The icon indicates free access to the linked research on JSTOR.

When pundits discuss the future of work, there is often the assumption that certain protected classes of jobs can’t be taken over by artificial intelligence and automation. Increasingly, this class has shrunk smaller and smaller as AI has gotten smarter and smarter.

JSTOR Daily Membership AdJSTOR Daily Membership Ad

Once we thought drivers, doctors, accountants, and lawyers were irreplaceable. And yet we are beginning to see computers encroaching on those fields. Now, even the most human of professions—those centered on creativity, something we thought of as uniquely human—seem to be programmable. Recently, Chase Bank found that machines generated ad copy that resonated better with audiences than human writers. So what isn’t within the realm of machine learning?

It’s a question that scholar Elaine Rich tackled in Computers and the Humanities. Rich writes, “Artificial intelligence tries to solve problems that occur in the world as it exists. Many of these center on people and the cultures they have created.” If programmers can “teach” an AI bot enough about human culture, Rich notes, the AI can do some pretty creative problem-solving.

Rich breaks down some “abstract” problems into their fundamental parts and shows how, with comprehensive enough data and well-structured enough logical programming, AI could be suited to tackle creative problems. In one case, she offers a “real world” example about a manufacturing company’s new line of products and their plans, goals, and expectations for marketing the new line to a specific city.

She notes that in order to understand the situation, the AI program has to have “an appropriate database of knowledge about English, as well as about the real world of advertising, sales, and jobs. We must also provide the program with procedures for applying that knowledge to this particular story.” According to Rich, once the program has adequate knowledge of the English language, and enough information about human goals and how things work in corporations, it can be programmed to process the right kind of reasoning (in this case, deductive and “nonmonotonic”)—and will then be able to understand the situation and answer questions about it.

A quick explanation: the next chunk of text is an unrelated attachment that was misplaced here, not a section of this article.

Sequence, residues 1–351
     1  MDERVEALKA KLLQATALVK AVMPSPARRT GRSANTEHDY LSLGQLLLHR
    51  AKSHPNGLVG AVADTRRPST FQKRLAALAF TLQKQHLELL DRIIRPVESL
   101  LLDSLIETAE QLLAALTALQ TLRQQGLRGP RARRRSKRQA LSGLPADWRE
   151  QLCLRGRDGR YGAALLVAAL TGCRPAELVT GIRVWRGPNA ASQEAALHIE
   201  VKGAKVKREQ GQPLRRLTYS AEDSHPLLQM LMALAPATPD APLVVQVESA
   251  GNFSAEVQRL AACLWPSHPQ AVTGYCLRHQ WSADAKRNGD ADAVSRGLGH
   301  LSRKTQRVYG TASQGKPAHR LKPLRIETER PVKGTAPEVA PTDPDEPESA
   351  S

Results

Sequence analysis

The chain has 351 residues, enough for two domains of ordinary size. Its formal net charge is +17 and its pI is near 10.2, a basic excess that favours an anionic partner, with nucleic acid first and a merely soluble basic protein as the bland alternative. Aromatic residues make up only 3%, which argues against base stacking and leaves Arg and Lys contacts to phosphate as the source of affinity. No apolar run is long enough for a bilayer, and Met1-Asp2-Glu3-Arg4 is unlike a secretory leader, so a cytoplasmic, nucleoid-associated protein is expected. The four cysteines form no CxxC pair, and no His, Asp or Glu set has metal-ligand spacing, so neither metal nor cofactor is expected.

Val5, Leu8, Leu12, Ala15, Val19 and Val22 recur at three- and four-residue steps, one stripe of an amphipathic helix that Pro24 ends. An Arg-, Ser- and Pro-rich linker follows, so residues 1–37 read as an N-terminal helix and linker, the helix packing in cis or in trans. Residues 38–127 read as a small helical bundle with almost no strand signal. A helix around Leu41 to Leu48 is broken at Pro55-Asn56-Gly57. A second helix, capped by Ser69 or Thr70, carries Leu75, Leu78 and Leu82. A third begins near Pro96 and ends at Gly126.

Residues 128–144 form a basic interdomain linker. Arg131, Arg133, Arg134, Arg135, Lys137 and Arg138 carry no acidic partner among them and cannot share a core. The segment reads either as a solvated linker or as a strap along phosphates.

As Rich puts it:

almost all problems rely (or ought to rely) on an understanding of the nature of both knowledge and reasoning. Humanists are trying to solve many of these same problems. Thus there is room for a good deal of interaction between artificial intelligence and many disciplines within the humanities.

And yet, AI’s ability to interact with the humanities doesn’t automatically make it a threat to the most advanced creative endeavors. Currently, AI depends on building an advanced repository of knowledge. It may well be able to solve a complex problem about human behavior, or create effective marketing materials. There is much to be said, however, for art’s ability to evoke emotion based on common experience, sincerity, talent, and unique skill. Rich proves that AI can be used to answer complicated questions. But what we think of as creative work in the humanities is much more often about asking questions than it is about answering them.


JSTOR is a digital library for scholars, researchers, and students. JSTOR Daily readers can access the original research behind our articles for free on JSTOR.

Computers and the Humanities, Vol. 19, No. 2, Natural Language Processing (Apr. - Jun., 1985), pp. 117-122